2. The Scourging at the Pillar where Jesus is openly whipped.

3. The Crowning of Thorns where Jesus is mocked by the Roman soldiers as “King of the Jews”.

4. The Carrying of the Cross where Jesus stumbles and falls three times as he carries the tool of his execution.

5. The Crucifixion and Death of Christ where Jesus is nailed to a cross by his wrists and ankles and dies.

The two additional Sorrows:

The Flight into Egypt

After Christ’s birth an angel comes to Mary’s husband Joseph in a dream telling them they cannot return to Nazareth but instead must go to Egypt to avoid the bloodshed of Herod killing every male child under the age of 2 years old.

The Vision of Simeon the Prophet

When Joseph and Mary presented Jesus in the Temple as an infant, a very old man named Simeon was waiting for them.  He was told he could not die until he saw the Messiah and upon seeing Jesus took the child from his mother’s arms and gave thanks to God while praising the Baby.  Upon returning the child to His mother Simeon looked upon Mary and mystically said:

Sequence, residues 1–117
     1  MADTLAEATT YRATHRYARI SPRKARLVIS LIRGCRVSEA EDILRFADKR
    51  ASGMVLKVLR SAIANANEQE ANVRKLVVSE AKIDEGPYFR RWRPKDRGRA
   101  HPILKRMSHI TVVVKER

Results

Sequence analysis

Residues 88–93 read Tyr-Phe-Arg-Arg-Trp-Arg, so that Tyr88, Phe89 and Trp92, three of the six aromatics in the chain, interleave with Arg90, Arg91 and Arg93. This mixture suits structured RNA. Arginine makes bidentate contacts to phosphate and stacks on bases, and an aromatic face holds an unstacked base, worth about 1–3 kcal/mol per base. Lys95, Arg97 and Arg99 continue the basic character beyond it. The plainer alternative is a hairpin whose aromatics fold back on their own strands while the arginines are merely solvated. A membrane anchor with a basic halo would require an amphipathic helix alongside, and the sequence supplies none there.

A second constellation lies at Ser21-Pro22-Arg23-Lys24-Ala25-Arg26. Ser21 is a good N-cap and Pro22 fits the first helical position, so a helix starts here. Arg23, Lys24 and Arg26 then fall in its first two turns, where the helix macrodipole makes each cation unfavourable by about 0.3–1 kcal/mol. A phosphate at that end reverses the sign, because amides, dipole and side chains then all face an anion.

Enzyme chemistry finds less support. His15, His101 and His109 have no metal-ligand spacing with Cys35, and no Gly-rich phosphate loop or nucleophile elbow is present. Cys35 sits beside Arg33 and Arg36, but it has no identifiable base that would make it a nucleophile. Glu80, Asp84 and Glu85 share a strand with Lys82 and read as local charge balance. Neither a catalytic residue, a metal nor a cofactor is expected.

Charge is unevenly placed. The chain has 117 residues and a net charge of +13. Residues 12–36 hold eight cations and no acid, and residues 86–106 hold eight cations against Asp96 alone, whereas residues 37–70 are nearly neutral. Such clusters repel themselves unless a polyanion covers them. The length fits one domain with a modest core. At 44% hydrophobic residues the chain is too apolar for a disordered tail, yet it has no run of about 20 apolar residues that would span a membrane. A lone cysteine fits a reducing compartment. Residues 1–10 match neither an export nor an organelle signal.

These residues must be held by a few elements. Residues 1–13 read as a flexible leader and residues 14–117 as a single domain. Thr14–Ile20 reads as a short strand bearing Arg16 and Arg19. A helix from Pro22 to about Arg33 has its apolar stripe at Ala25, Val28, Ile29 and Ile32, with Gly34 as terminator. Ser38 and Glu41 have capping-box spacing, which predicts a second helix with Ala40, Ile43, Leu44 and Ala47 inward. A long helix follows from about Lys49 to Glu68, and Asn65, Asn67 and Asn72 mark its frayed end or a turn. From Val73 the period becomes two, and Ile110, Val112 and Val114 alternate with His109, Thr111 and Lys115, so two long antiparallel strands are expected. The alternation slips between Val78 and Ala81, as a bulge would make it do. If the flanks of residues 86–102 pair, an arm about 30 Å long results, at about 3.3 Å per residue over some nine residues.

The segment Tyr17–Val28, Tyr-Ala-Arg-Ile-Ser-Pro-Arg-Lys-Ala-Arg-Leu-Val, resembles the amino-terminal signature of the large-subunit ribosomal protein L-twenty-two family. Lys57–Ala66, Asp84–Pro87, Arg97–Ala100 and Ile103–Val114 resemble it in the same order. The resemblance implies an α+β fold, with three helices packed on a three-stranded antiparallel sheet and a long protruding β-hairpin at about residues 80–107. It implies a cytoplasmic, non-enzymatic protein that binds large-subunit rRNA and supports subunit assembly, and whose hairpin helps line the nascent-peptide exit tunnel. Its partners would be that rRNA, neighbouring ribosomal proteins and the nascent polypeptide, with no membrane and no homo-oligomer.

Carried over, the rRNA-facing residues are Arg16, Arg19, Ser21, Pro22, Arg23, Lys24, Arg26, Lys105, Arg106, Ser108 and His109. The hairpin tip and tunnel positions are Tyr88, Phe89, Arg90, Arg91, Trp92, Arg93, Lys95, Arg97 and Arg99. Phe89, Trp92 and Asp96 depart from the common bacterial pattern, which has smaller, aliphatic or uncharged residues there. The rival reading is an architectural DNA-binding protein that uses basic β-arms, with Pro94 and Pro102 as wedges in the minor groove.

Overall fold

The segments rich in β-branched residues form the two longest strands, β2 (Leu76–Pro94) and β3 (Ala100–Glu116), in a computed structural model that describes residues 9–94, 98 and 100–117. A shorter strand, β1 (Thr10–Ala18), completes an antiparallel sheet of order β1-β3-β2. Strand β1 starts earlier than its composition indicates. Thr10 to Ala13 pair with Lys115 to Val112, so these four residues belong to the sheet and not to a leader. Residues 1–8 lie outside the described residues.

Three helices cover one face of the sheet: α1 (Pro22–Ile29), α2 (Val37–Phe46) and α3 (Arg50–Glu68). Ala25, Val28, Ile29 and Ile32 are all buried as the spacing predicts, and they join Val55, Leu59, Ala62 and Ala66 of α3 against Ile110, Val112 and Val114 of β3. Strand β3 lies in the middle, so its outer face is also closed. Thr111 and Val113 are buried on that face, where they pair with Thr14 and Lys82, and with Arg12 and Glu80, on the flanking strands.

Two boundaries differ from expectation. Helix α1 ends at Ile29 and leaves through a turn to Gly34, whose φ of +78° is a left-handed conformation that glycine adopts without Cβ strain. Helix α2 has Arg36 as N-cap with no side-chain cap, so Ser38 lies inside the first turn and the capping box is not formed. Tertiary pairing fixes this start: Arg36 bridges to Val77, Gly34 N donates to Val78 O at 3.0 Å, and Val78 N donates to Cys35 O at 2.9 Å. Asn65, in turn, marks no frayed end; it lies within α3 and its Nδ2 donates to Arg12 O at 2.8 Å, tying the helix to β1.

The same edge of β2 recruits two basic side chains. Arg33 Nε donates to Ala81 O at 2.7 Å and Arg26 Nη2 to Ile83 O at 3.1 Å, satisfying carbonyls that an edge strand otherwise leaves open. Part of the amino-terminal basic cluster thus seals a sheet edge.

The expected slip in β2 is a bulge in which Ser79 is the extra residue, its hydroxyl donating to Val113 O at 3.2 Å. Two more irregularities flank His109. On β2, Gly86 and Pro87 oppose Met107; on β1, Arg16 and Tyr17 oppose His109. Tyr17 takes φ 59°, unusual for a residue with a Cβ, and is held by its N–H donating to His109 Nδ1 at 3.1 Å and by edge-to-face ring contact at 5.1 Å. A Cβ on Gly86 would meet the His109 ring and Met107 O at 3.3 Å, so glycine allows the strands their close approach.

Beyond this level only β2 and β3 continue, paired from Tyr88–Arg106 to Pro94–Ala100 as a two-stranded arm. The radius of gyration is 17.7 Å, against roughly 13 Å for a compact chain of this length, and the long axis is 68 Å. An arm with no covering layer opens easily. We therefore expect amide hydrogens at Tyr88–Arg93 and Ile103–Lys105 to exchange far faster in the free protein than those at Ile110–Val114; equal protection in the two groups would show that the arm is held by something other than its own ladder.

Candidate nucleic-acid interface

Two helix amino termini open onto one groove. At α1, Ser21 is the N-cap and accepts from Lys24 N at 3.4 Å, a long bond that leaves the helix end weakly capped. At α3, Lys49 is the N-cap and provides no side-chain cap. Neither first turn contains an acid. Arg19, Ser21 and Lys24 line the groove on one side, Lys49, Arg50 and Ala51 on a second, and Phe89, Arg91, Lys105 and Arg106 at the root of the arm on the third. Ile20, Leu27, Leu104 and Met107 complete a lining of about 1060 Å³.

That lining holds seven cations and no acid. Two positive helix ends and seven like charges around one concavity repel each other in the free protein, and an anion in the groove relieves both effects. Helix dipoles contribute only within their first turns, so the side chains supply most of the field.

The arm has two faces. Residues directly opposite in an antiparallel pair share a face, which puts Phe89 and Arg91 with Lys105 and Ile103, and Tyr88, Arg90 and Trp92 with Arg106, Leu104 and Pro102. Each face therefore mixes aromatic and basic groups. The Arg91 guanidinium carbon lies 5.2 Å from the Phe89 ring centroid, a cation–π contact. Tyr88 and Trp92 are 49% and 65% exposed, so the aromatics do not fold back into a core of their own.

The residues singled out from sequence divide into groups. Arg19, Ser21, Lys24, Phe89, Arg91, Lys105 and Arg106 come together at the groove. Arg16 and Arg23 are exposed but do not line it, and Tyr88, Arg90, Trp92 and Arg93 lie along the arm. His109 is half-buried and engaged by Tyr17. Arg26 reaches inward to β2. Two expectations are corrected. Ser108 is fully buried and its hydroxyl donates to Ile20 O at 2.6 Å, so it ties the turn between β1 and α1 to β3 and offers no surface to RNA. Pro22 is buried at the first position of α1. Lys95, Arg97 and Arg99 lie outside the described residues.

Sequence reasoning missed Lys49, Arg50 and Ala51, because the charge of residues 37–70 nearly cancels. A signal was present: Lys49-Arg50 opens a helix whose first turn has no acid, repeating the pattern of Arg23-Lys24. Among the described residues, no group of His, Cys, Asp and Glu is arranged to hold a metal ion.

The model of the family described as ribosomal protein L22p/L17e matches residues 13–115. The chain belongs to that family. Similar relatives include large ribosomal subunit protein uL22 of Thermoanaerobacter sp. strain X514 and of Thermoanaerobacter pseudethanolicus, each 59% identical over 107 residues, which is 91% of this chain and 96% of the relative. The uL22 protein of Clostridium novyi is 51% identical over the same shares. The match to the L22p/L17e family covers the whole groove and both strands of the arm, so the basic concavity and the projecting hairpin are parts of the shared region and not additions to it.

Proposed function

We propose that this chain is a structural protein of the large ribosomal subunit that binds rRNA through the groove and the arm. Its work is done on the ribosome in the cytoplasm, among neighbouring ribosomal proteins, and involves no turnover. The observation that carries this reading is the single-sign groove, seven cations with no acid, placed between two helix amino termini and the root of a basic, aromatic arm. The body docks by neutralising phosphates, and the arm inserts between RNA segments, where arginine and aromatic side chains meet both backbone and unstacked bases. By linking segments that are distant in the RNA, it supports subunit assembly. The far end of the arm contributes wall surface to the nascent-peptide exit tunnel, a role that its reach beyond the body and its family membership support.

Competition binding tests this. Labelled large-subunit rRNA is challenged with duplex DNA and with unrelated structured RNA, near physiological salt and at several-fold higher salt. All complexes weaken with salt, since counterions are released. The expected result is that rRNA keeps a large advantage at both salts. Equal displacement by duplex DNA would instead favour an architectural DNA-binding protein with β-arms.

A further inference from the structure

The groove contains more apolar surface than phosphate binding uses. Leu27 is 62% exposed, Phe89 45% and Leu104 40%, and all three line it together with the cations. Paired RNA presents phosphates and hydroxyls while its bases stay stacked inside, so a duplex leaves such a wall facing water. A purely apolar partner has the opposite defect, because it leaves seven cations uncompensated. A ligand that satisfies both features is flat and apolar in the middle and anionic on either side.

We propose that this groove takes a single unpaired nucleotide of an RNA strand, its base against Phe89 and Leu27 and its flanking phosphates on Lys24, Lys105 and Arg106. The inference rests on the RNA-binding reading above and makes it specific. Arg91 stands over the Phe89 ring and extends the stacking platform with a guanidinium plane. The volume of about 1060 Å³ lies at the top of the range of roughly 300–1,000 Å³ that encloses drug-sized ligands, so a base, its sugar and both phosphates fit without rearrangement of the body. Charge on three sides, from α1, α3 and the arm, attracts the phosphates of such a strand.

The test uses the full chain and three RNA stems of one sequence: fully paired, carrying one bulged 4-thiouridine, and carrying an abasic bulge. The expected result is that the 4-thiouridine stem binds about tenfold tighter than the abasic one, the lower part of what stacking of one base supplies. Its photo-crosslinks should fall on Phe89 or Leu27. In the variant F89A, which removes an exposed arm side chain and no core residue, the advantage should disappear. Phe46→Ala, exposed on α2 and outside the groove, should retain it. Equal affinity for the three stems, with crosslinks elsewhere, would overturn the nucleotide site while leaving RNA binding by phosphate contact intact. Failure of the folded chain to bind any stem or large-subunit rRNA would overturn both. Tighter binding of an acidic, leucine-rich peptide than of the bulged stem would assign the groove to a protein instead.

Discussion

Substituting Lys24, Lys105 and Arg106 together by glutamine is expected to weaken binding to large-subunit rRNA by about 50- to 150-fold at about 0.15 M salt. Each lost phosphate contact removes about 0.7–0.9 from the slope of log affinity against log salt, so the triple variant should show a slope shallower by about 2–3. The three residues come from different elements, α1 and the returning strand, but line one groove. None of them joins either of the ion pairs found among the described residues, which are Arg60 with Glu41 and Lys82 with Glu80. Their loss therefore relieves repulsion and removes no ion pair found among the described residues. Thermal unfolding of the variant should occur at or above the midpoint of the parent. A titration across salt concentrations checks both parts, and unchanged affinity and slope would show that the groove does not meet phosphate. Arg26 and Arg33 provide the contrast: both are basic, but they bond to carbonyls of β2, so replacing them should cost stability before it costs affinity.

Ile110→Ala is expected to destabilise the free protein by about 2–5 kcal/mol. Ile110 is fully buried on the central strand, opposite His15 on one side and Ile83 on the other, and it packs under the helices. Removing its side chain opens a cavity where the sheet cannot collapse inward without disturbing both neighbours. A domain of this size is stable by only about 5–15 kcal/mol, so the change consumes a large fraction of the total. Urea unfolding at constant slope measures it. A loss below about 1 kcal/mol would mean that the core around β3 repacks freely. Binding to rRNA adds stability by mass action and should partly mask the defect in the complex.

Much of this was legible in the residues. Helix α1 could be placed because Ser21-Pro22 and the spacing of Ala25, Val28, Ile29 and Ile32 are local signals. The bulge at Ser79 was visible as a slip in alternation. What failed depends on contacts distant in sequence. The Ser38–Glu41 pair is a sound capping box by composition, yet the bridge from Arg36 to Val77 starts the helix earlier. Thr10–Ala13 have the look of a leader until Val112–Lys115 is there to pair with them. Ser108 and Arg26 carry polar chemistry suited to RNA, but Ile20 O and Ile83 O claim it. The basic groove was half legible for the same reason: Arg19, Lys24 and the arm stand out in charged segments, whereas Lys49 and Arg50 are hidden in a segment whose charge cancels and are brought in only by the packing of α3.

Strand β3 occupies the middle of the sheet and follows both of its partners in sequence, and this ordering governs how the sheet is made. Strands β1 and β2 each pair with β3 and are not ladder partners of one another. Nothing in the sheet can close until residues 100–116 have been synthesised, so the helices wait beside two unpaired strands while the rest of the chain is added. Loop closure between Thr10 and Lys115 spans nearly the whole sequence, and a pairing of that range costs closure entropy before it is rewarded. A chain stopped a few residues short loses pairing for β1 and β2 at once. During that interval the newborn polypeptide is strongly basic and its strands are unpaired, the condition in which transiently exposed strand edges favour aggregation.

And a sword shall pierce your heart.” – Luke 2:35

The Mater Dolorosa is most often depicted with Mary grieving unto herself, however one of the greatest sculptures ever made is a Mater Dolorosa piece of Mary with the corpse of Christ being newly taken from the cross and placed in her lap – Michelangelo’s “Pieta”, created in 1499.

Mary - Pieta

With the exception of Michelangelo’s masterpiece if there is an image of the Mater Dolorosa without the swords being visible, Mary is often presented with a halo or crown covered in spikes that are meant to resemble swords, symbolizing the strength that is needed to undergo such immense pain of sorrow and loss.

The Gifts of the Magi – Pre-Awareness of a Mother outliving her Child

“The Epiphany” – a wall tapestry displaying the gifts of the Magi by Edward Burne-Jones, 1894